The miscanthus planted at Piketon yields 9.6 tons of biomass per acre, according to Islam.
Switchgrass, meanwhile, is a prairie grass native to North America that grows 10-12 feet tall and can also be burned to produce energy or converted to fuel, Islam said. Both miscanthus and swithgrass are propagated via rhizome division or plugs, which can make their initial establishment difficult.
But because they are perennial crops, they can produce biomass for many years before the stands need to be replanted.
Another project at OSU South Centers, funded by the U.S. Department of Energy, involves growing switchgrass and big bluestem grass on a one-acre plot of degraded land where corn and other food crops cannot grow. Researchers are applying municipal biosolids from the cities of Piketon and Chillicothe and gypsum from coal-fired power plants to the soil to increase its fertility and improve drainage, as well as to measure their impact on crop productivity.
Additionally, Piketon researchers are studying the nitrogen requirements of a mixture of prairie grasses (switchgrass, Indiangrass and others), and how many times a year the crop can be harvested depending on the amount of nitrogen applied. Fast-growing hybrid willow trees are also being researched in a half-acre plot.
"These trees are growing in waterlogged, high-clay, high-acidity and overall bad soil," Islam says. "Trees may not provide as much biomass as grasses because it takes several years to harvest them, but they can be planted in areas where nothing else will grow and they can also help improve the soil."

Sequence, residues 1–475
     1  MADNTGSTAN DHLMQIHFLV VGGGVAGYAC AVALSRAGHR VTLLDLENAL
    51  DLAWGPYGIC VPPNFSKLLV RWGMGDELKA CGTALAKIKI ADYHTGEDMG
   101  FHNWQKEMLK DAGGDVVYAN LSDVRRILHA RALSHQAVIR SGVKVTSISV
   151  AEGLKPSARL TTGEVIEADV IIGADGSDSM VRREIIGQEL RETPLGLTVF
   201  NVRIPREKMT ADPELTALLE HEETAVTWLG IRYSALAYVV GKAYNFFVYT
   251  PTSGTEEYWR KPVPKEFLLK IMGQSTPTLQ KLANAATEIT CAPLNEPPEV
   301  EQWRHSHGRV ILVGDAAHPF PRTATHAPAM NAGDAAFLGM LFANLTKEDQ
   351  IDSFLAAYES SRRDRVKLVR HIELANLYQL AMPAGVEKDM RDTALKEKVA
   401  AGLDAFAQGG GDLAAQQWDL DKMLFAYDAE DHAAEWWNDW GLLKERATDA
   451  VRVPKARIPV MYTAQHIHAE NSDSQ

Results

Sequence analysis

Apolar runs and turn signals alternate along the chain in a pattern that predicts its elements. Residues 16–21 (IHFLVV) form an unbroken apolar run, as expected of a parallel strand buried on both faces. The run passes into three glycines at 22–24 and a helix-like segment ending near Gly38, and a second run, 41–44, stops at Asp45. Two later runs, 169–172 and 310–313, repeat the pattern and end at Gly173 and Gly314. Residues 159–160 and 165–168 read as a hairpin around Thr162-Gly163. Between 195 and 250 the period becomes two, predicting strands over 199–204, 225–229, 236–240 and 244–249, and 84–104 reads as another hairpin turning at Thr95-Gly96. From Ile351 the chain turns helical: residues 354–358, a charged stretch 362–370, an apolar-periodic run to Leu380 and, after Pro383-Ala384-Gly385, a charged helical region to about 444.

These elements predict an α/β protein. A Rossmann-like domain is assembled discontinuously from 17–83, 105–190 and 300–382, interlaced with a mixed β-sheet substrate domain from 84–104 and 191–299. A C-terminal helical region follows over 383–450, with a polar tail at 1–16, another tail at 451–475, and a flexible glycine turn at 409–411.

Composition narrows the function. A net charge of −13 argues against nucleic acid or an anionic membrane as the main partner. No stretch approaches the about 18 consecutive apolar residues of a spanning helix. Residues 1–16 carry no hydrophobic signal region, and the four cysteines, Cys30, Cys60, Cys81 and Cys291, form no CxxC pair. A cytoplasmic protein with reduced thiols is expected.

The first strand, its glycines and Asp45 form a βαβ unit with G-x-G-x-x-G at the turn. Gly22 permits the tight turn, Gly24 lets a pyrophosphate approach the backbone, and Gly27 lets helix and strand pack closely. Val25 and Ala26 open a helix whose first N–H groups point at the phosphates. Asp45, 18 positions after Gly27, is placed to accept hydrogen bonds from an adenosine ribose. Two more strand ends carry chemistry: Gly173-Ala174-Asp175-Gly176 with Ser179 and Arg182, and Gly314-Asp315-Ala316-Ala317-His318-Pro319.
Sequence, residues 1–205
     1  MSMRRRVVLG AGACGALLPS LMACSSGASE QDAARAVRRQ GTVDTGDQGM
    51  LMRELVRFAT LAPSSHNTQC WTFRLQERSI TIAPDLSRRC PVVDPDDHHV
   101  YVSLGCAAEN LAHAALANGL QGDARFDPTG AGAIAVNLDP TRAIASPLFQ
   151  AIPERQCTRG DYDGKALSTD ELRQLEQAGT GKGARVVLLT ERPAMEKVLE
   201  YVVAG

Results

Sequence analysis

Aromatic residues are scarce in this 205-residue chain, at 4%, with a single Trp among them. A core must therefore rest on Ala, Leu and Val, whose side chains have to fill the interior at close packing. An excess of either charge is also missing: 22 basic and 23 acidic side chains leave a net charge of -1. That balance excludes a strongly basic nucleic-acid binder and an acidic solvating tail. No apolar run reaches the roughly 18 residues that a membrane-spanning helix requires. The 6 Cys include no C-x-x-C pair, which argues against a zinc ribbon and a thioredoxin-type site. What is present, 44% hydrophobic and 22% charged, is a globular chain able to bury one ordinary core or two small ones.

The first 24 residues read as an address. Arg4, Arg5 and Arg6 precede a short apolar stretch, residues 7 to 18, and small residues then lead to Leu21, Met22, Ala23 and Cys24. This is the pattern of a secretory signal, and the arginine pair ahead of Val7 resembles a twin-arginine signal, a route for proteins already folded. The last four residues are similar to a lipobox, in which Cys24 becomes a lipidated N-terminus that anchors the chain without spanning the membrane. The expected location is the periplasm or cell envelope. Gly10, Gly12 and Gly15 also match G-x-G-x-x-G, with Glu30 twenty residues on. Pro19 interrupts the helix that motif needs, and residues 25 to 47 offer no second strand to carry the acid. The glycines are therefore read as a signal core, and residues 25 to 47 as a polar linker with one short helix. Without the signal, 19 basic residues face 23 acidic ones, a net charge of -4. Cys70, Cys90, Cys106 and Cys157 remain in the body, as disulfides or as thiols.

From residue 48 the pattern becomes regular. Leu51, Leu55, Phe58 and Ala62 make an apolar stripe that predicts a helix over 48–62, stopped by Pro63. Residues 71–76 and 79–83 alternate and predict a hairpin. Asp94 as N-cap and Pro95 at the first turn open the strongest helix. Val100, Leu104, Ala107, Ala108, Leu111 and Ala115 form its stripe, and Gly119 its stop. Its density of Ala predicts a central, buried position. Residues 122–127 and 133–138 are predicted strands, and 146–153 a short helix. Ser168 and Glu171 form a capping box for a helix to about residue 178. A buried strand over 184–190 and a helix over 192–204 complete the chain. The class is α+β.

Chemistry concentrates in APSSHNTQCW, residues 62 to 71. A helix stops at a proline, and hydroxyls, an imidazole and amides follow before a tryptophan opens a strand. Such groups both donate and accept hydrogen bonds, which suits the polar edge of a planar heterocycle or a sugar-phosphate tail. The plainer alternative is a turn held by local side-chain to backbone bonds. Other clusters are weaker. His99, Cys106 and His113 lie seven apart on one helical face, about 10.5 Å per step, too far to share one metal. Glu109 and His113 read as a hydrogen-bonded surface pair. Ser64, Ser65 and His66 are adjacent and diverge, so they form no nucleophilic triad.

Taller than corn and capable of producing up to 25 tons of biomass per acre, Sudan sorghum grass has been growing at OSU South Centers for the past eight years, Islam said. A related crop, sweet sorghum, was planted for the first time in 2012 at Piketon as part of a collaborative project with the University of Nebraska.
"We can't grow sugar cane in Ohio, but sweet sorghum can produce the same amount of sugar as sugar cane and requires half the nutrients as corn," Islam says. "It is also drought resistant and produces three types of energy: sugar for ethanol or butane, cellulosic alcohol, and biomass that can be used as animal feed or pelletized for combustion."
The last bioenergy crop being investigate at Piketon is guayule, a woody shrub native to the southeastern U.S. Guayule produces hypoallergenic rubber and a hydrocarbon that can be converted into a diesel-like transportation fuel.
"Last year, we successfully managed to grow guayule for the first time outdoors in Ohio," Islam says. "This plant is very drought tolerant, but it doesn't like standing water, so we are growing it in raised beds.
"We are testing this method of growing guayule so that in the future farmers can produce this crop on the hills of southern Ohio."